Sir, Scottish Lib Dem leader Willie Rennie argues that Rosyth, although willing to accrue the alleged “economic benefit” of Westminster’s nuclear submarines, “shouldn’t be expected to tolerate the burden of a nuclear waste site on their doorstep”.
Although I agree with Mr Rennie that the safety of the people of Rosyth must be paramount, where else does he propose that the nuclear waste be dumped? On the doorstep of another Scottish town? Amidst the natural beauty of unspoilt Scottish countryside?
It will have to be dumped somewhere.
As long as the UK Government squanders taxpayers’ cash on such morally dubious and potentially hazardous nuclear technologies including £100 billion on the renewal of Trident nuclear weapons stationed merely 40 kilometres from our largest city significant amounts of dangerous, toxic waste will necessarily have to be dumped on Scotland’s doorstep.
The only way to avoid the problem of dealing with nuclear waste is, quite simply, to cease producing it.
Given Westminster’s inane infatuation with militaristic vanity projects, this is unachievable without a Yes vote in 2014.
With the powers of an independent nation, Scotland will no longer be an impotent spectator in her own home as its natural beauty is defaced and its values debased by Westminster vandals.
David Kelly. 17 Highfields, Dunblane.
They’re putting this “majesty” at risk
Sir, It was with interest and a certain amount of incredulity that I read John Swinney’s comments in Friday’s paper.
He has the audacity to talk of walking through the “majesty of the county of Angus the great historic houses like Glamis, the beauty of the glens and the coastline”.
He is perfectly correct in stating that Angus contains many beautiful views and a magnificent coastline but all of this is being put at risk through his party’s determination to meet “green” energy targets through an unproven method of production ie wind turbines.
If he has any proof of the success rate he envisages through these monstrosities then I would be glad to hear them.
I would also to hear when the people of the majestic country he is spoiling by erecting them can expect to benefit by receiving lower electric bills.
Willie Robertson. Forest Park Cottage, Lynton, Stanley, Perthshire.
Saved 28%, wrecked 72%
Sir, So that nice Mr Salmond has decided to spare 28% of Scotland’s wild land from windfarms!
He could still be the Scot who is remembered for wrecking the landscape and wildlife of the remaining 72% of one of the most beautiful countries in the world.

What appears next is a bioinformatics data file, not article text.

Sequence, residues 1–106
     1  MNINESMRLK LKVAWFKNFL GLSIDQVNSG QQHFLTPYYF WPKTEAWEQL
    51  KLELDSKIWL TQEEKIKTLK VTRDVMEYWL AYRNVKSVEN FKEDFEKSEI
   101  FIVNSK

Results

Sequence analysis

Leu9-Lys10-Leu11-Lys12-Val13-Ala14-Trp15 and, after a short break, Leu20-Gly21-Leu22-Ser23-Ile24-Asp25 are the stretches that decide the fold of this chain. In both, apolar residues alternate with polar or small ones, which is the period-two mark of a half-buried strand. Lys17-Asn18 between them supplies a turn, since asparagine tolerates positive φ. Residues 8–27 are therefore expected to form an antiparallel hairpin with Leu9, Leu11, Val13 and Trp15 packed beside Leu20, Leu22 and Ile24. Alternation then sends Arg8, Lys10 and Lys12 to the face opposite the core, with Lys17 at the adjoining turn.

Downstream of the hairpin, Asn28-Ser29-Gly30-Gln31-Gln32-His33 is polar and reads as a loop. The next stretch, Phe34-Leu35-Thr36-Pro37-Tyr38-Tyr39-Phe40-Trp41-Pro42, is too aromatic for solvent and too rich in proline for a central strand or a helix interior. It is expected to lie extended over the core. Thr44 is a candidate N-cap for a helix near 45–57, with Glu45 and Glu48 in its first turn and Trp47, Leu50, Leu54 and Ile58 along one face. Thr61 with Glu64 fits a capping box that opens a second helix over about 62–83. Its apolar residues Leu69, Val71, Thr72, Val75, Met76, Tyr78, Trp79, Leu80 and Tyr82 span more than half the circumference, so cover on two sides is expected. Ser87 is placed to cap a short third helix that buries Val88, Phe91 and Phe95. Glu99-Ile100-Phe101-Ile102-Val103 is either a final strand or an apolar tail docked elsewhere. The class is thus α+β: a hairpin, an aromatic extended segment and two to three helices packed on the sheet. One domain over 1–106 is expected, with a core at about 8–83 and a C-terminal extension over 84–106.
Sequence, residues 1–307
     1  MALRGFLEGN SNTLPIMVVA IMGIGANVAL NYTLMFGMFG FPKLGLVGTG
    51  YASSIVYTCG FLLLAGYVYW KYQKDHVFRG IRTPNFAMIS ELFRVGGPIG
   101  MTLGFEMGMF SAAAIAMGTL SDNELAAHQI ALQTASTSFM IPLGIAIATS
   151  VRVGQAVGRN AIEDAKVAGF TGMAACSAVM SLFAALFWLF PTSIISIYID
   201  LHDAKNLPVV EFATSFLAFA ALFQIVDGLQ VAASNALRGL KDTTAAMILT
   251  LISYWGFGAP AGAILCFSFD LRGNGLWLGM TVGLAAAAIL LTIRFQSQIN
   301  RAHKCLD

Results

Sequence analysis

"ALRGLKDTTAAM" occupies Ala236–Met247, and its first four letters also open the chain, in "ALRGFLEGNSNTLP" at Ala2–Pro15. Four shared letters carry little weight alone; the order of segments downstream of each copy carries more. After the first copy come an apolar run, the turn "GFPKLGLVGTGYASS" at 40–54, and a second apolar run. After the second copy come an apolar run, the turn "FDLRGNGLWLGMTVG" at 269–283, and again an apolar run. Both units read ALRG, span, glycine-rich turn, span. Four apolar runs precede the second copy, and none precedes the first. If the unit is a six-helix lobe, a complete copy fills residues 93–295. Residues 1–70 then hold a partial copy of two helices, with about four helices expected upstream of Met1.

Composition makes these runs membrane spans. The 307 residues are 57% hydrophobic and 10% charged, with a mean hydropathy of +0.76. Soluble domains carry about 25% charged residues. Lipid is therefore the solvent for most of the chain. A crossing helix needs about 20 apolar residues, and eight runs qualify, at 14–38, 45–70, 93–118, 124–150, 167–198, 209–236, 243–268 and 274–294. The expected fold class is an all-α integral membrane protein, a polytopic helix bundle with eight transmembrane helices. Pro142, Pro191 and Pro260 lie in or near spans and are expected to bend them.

It would take 16,000 large onshore turbines to meet Scotland’s present peak demand,not to mention the essential back-up.
Also, the God of renewables is extremely greedy, and few industries could remain competitive with such high electricity prices, or consumers stay out of fuel poverty.
The chancellor is already having to exempt certain manufacturing industries from the climate change levy.
Stephen Grieve. 60 Nethergate, Crail.
Biomass claim simply not true
Sir, Your reporter’s claim (April 6) that Courier readers have given their backing to a biomass plant at the harbour could not be further from the truth.
From a small sample size of 102, only 45 respondents agreed that Dundee port is a good site for a biomass plant. In contrast, 3,274 written letters of objection from local residents were received by the Scottish Government when this incinerator was initially proposed in 2010.
The article also fails to mention that Forth Energy’s revised report states that 12,748 people would be affected by increased levels of nitrogen dioxide if this plant is approved.
NHS Tayside expressed concern in December 2010 about this plant subjecting even small populations to increases in pollution levels.
The article also highlights the fact that road traffic is a major contributor to the nitrogen dioxide problems in the Stannergate area, but it fails to mention the fact that an additional 20,000 HGV movements in and out of the port area each year would be experienced if the plant is approved, leading to further increases in NO2 levels.
The article also features an artist’s impression of the plant. It fails to highlight the fact that the chimney would be almost twice the height of Tayside House and would be the first thing to catch the eye of any visitor coming to Dundee.
Why bother having a design competition for the V&A when tourists’ attention will be drawn towards the enormous incinerator on the other side of the bridge?
Is this really what Courier readers want in our city?
N. McLean. Primrose Bank, Dundee.